"ONWARD, Christian Soldiers," seems to be our Great Captain's command to our Society—in its every department. When recording the year's results each December we have been amazed at "what God hath wrought," so great results from so imperfect instrumentalities. We are continually reminded of the feeding of the five thousand on five barley loaves and two small fishes, and the twelve baskets full of fragments left over. Each yearly report we have feared would be our best; not seeing how the following year could be a favorable. And just so is this year's report: Excellent, splendid, better than we could have surmised. The Lord be praised! We do not see how 1904 can equal or surpass 1903, but past experiences lead us to expect greater and still greater blessings from the great Chief Reaper in his service.
One of the encouraging features of the work is, that the newly interested seem to grasp the Truth quickly, thoroughly, and with a self-consuming zeal which stimulates afresh those who have been longer in the way. As an instance we mention a young woman of less than twenty years who, during the Eaton-Russell Debates in October, fully consecrated her life to the Lord, set about a systematic study of the Dawn volumes, and so on, resolutely sacrificing the comforts of an elegant home, became a Colporteur, and began to carry the water of life to others fainting by the way. She realized herself to be an "eleventh hour" laborer, and besought the Lord for privileges and blessing in the vineyard. The language of her heart was expressed in the words of the hymn:
Did she succeed, you ask? Surely; where faith and zeal go hand in hand to the Lord for service he rarely if ever rejects them; guidance, direction, alone was needed, [R3287 : page 453] and we were privileged to supply it. As a result that sister is circulating from fourteen to forty volumes of Millennial Dawn daily—delivering from 200 to 600 sermons daily, reckoning each chapter a sermon.
Some seem to get a worldly view of this matter of Colporteuring, and think of it as unworthy the time and service of the well-to-do and educated;—well enough for those who have no other business or trade, or who have no capital wherewith to engage in "something better." The contrary view is the proper one, namely, that this in God's esteem is one of the most honorable services rendered in his name to the household of faith. As the "Pilgrim" brethren do the service of Elders, so the "Colporteurs" and "Volunteers" are doing the service of Deacons and Deaconesses. And the more education, refinement and natural ability are brought to the service, the greater number of talents invested, the greater are the possibilities of grand results to the glory of our King and the assistance of his "brethren." Those who feel that their talents are too many or too valuable to be used in the Lord's service, but not too valuable to be used in law or medicine or merchandising or other money-winning employment, do not properly value the privilege of laboring in the Vineyard—do not rightly value the great rewards promised to those who forsake all to have the privilege of Kingdom service and self-denial now, and of Kingdom glory by and by.
True, many long for such service, but are so handicapped by earthly obligations that they cannot do as they would—cannot engage in colporteuring—should not so engage. We doubt not that with these the Lord, who knoweth the heart, reckons to their credit all the self-sacrifices of this sort they would be glad to make if the conditions favored. But such will be active along some other lines of service for the Truth and the Brethren. Faithfulness in all possible ways will doubtless bring them eventually new doors of opportunity.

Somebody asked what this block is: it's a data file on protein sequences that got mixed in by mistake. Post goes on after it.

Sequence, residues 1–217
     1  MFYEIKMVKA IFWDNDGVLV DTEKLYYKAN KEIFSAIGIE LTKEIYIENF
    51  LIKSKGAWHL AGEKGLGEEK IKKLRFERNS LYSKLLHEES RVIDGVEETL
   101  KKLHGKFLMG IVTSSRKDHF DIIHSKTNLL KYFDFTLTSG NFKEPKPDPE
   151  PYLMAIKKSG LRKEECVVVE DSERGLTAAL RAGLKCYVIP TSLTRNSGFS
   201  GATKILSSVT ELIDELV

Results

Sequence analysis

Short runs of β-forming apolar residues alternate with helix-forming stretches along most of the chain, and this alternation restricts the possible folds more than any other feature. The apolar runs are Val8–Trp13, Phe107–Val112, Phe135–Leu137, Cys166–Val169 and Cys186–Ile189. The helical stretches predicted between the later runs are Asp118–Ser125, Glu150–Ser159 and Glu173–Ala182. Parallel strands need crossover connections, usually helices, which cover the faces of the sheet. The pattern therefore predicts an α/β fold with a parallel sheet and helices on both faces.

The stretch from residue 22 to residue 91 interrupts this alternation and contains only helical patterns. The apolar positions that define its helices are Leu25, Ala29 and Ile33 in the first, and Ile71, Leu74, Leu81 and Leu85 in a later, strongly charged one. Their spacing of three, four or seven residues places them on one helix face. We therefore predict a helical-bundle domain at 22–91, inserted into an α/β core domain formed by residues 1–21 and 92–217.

While increase of interest is to be noted all along the line, we accord first place to the Colporteur branch of the service. The figures given in the summary following will no doubt astonish all of our readers, the total sales of Dawns being nearly three times last year's total. These were nearly all in cloth binding, too, whereas last year the majority were in paper covers. The cloth binding is much better appreciated, better cared for and displayed; and thus does more good.
We have one hundred and forty-three Colporteurs at work now, with many additions promised as soon as they can arrange their affairs. They are a noble band, laboring not for the meat that perisheth merely, but specially for the present and the prospective joys of the Lord.
Many of the great men in history, who won fame and renown as statesmen, soldiers, authors and scientists, or gained a world-wide reputation in commercial life, laid the foundation of their greatness, perhaps gained that knowledge of men and human nature which is such a factor in great minds, by acting as canvassing agents. Napoleon Bonaparte, when a poor lieutenant, took the agency for a work entitled "L'Histoire de la Revolution." In the foyer of the great Palace of the Louvre can be seen to-day the Emperor's canvassing outfit, with the long list of subscribers he secured. George Washington, when young, canvassed around Alexandria, Va., and sold over two hundred copies of a work entitled "Bydell's American Savage." Mark Twain was a book agent. Longfellow sold books by subscription. Jay Gould, when starting in life, was a canvasser. Daniel Webster paid his second term's tuition at Dartmouth by handling "De Tocqueville's America," in Merrimac County, New Hampshire. Gen. U. S. Grant canvassed for Irving's "Columbus." James G. Blaine began life as a canvasser for a "Life of Henry Clay." Bismarck, when at Heidelberg, spent a vacation in canvassing for one of Blumenbach's handbooks. None of these, however, labored thus for the King of kings. None of these carried to their fellow creatures so precious a gospel. None of these invited saints in the name of the Lord to prepare for a share in the throne with their Redeemer, or sought thus by faithfulness to make their own calling and election sure by attesting their loving devotion to the Lord and his cause, to the sacrifice of some earthly privileges;—esteemed in comparison as but "loss and dross."